20 Endangered Languages in Europe: Your Complete Guide
February 21st was an International mother language day.
Music is relaxing, easy to digest and comforting.
Learning can be tedious, confusing and time consuming.
But what if I told you you could combine these two to effectively learn English grammar?
What if we told you there are English songs that might already be on your playlist that can teach you English grammar and even pronunciation?
You might think that you have to listen to a grammar lesson to be able to learn.
No, you don’t have to.
There are songs that could be in the same genre as what you have on your Spotify account or in your YouTube playlist.
Before we give you some playlist suggestions, let’s explain why music is one of the greatest teachers there is.
Music transcends cultures and social boundaries.
Whether a musical piece has lyrics or it has lyrics but in a different language, people will still appreciate it.
Why does music have that effect?
It conveys the feelings and emotions that people can relate to. Even if it’s only a piece without lyrics, the melody in itself gives away what the composer and singer are trying to convey.
Songs speak volumes, that's why it attracts attention so easily.
Repeat a song twice or thrice and you can at least memorize the chorus.
Read a grammar lesson twice or thrice, you’ll barely memorize three sentences in verbatim.
That’s how music penetrates our psyche.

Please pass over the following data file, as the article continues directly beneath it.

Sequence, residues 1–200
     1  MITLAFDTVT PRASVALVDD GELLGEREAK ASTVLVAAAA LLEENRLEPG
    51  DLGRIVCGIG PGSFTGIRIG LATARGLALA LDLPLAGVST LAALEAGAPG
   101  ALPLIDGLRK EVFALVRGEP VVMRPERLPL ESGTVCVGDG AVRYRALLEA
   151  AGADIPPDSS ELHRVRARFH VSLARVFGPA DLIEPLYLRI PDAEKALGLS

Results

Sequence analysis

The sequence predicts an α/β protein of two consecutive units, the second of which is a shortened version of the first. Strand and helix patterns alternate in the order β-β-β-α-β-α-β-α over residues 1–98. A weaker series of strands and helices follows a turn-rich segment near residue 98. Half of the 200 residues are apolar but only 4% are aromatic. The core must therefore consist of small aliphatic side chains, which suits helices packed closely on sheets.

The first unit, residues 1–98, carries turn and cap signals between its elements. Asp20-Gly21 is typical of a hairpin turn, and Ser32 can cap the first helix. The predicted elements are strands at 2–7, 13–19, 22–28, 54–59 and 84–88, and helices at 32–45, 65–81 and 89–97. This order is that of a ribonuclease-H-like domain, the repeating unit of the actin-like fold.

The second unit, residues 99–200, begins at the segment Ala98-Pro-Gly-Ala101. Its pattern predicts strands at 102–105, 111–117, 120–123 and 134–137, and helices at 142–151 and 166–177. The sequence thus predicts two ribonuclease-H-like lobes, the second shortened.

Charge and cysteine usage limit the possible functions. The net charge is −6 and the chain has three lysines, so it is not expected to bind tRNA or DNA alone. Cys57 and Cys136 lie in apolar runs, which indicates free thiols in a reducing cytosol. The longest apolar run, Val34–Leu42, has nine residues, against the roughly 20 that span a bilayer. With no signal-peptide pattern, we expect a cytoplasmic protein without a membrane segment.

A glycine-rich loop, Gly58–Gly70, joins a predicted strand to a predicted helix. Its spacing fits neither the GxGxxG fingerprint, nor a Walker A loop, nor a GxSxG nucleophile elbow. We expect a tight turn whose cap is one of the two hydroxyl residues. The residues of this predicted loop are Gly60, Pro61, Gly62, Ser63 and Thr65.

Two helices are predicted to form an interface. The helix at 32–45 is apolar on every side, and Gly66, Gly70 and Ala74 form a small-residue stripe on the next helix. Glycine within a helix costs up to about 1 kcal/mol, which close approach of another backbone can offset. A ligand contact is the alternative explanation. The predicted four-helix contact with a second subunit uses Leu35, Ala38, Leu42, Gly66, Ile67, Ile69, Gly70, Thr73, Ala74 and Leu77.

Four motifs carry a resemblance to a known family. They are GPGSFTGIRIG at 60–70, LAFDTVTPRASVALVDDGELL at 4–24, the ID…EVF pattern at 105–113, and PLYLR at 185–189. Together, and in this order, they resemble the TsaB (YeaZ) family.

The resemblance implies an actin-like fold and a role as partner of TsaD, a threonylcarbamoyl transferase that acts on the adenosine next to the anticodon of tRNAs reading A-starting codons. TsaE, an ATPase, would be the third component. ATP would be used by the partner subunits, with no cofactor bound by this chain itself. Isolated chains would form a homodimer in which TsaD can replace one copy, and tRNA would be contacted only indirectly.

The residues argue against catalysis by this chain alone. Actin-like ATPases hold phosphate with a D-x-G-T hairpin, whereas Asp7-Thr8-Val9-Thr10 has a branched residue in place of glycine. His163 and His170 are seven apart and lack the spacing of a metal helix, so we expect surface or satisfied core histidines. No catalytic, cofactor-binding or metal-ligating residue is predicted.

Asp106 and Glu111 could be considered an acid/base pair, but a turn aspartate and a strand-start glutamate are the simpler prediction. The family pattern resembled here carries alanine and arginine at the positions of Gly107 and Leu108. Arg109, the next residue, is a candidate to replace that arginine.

Music can easily be absorbed by the brain and it also helps with learning and other mental tasks.
Kids learn to sing when we constantly let them listen to nursery rhymes.
It’s basically the same concept.
Most English songs follow the correct grammatical rules that’s why if we keep listening and singing along, it gets stuck in our heads and eventually we get used to speaking or writing it following the correct rules.
It’s a long shot but it’s a good start.
It also helps us widen our vocabulary, teaches us figurative language and familiarizes us with colloquialisms.
You can even learn phonetics when listening to songs.
Songs are just like any written composition. It just uses a more freestyle approach in terms of structure and sentence construction similar to poetry.
And like poetry, it is filled to the brim with emotions that’s why it’s memorable and relatable.
We want that same effect while learning English grammar.
There’s no particular genre or classification that you should listen to if you want to learn.
The songs should be in the English language, of course.
And it’s necessary that you can hear and understand the words easily. There are lyrics that can be a bit garbled or are too fast paced in some so let’s not add them to the list for now.
Let’s just focus on songs with clear lyrics and possibly in a genre that you’re more into so that you’ll be able to enjoy learning.
If you’re learning with kids, it also has to be age appropriate to make sure they are paying attention.
Although some kids can already memorize and sing adult songs but for the sake of learning grammar, it would be best if you chose songs that would also fit their level of learning.
It would also be nice if you could download music videos with subtitles so you can read the lyrics of the songs just as it’s sung.
You can also print out the lyrics or have it ready on your phone if you’re just listening to audio files.
Even if you haven’t memorized the lyrics, you can still sing along and pronounce the words just as you hear them.
Songs with catchy tunes and lyrics that can easily be memorized are the best songs for learning.
There are plenty of songs to choose from but we’ve chosen 8 popular songs for learning English Grammar.
Here you go.